The political nature of social services

Social services include a wide-ranging mix of income transfers, care and protection services, developmental activities and remedial actions.

Despite the resources used, and the potential for both harm and good that can be done, we often do not have an analytical basis available for determining why most programmes take the form that they do, and how well they work.

Some of this is because of the nature of social services while much is because the past choice of social services mainly reflects elements of social and cultural values and preferences that make them immensely political. Many social services involve partly connected networks of groups and agencies, often operating with some form of contract to a government agency, with partial information about the people that they are helping, and with separate and potentially different ways of defining people and their conditions, and establishing needs.

There are fundamental elements of social services that result from politically determined rather than scientifically based perspectives on the nature of programmes: universal versus targeted, service provision versus cash, free or part charges, outsourced or public provision, and the nature of the emphasis on human rights. Philosophical attitudes to taxation, regulation, penalties and sanctions also shape political preferences. Certainty in the means can occur without clarity in the results sought.

Whatever the political perspective, evidence is essential to improve the quality and robustness of service outcomes over the time periods for which costs and benefits are to be compared, as well as the ability to take account of the relative impact of dispersed contributors to improved outcomes and of the breadth of outcomes considered. Even so, the selection of social services is primarily a political action, and the imperatives of deciding what to do will rarely await the discovery or implementation of new information sources.

At its crudest, programmes will be judged by how much funding will be made available for them rather than what they will achieve, as typically occurs at the time of general elections. In the most recent general election in New Zealand (2017), policy commitments were generally expressed as ‘how much’ rather than ‘how useful’.

One consequence of serious concern is that once decisions have been taken, the political risk that previously unavailable information might adversely challenge the original decision can result in the prevention of improved information sources that might better inform future situations, and the quality of services that are provided. The expectations on social policy and service delivery are continually being extended.

The rise in importance of a social concern generally occurs without any formal process, and often it is the community sector that triggers interest in concerns that get addressed at a government level. Issues that are currently in various emergent stages of wider recognition in the policy information system include: obesity, social media and technology, super diversity, suicide, harm and violence, abuse, bullying, mental health, drugs, pornography, antibiotic resistance, homelessness, crowding, fertility, urban infrastructure, incarceration costs and third world diseases.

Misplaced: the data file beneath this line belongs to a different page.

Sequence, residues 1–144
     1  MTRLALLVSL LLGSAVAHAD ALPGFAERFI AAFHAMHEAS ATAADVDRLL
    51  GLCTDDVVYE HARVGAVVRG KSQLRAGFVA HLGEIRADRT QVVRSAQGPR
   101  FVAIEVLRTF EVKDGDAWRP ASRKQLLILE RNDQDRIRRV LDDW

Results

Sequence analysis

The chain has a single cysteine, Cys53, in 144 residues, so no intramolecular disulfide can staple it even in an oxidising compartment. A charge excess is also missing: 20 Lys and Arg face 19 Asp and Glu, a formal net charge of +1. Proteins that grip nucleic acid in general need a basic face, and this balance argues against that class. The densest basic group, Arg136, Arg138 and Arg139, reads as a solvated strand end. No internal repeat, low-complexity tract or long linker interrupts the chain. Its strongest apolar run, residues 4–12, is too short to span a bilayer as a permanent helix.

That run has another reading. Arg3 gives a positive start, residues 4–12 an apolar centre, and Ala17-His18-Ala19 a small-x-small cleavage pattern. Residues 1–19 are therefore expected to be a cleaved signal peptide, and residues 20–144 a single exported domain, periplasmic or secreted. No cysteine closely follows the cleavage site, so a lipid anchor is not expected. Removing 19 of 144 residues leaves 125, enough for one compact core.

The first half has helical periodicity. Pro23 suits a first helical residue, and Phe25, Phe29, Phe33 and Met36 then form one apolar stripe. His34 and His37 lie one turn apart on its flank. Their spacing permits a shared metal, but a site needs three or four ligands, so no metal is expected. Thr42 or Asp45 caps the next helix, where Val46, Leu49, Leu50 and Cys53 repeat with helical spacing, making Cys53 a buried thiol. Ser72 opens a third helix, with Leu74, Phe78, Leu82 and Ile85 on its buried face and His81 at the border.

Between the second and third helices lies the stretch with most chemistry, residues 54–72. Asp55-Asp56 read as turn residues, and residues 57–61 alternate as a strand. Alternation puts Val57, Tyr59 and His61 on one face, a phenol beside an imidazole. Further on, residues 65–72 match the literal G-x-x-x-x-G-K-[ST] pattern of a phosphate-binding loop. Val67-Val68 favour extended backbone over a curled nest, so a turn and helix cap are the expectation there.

Where we can develop an evidence base to inform a political or institutional response, the long-term viability and impact of that response on citizens will reflect the limits to measurement and analysis. Without knowledge of the evidence base there is likely to be unjustified confidence in services, and this can bring damaging consequences for groups of citizens.

In the social services, institutions and politicians appear more likely than in other sectors of public administration to have a strong aversion to evaluation and continuous improvement practices that make transparent the imperfection inherent in their decisions and complicate managing political risk. There are many examples where the worlds of science, policy and practice remain not as readily connected in the social services as might be presumed. It is not unusual for long-standing social services to have been at best poorly tested and evaluated, with the consequence that the final form of many programmes is not based on relevant evidence or regularly tested by replication, pilot studies or continuous improvement practices.

Observational evidence always competes with anecdote, belief[1], un-validated theory or just prejudice, not just in setting policy but also in determining whether to continue to gather evidence or invest in new forms. Where evidence is underused through choice, limited competence or underinvestment, then anecdote, belief, un-validated theory or prejudice are more likely to drive decisions. The very existence of evidence that people have reason to trust can inform or challenge the political or institutional preferences that frame thinking and problem solving.

There is an inevitable and potentially quantifiable uncertainty and system risk inherent in social services which are poorly understood by the public and by politicians, for example in decisions such as granting parole. Where we have little idea of the quality of the evidence used to justify the policy, we cannot take account of that uncertainty in managing the delivery of the service, such as the undoubted lack of precision in any screening criteria. Consequently, with many social services we are often unable to be certain about what happens for the people who have a need and entitlement for them, and why only some of these people connect effectively with a service that they are eligible to obtain.

[1] “Three strikes and you’re out” example, and boot camp proposals

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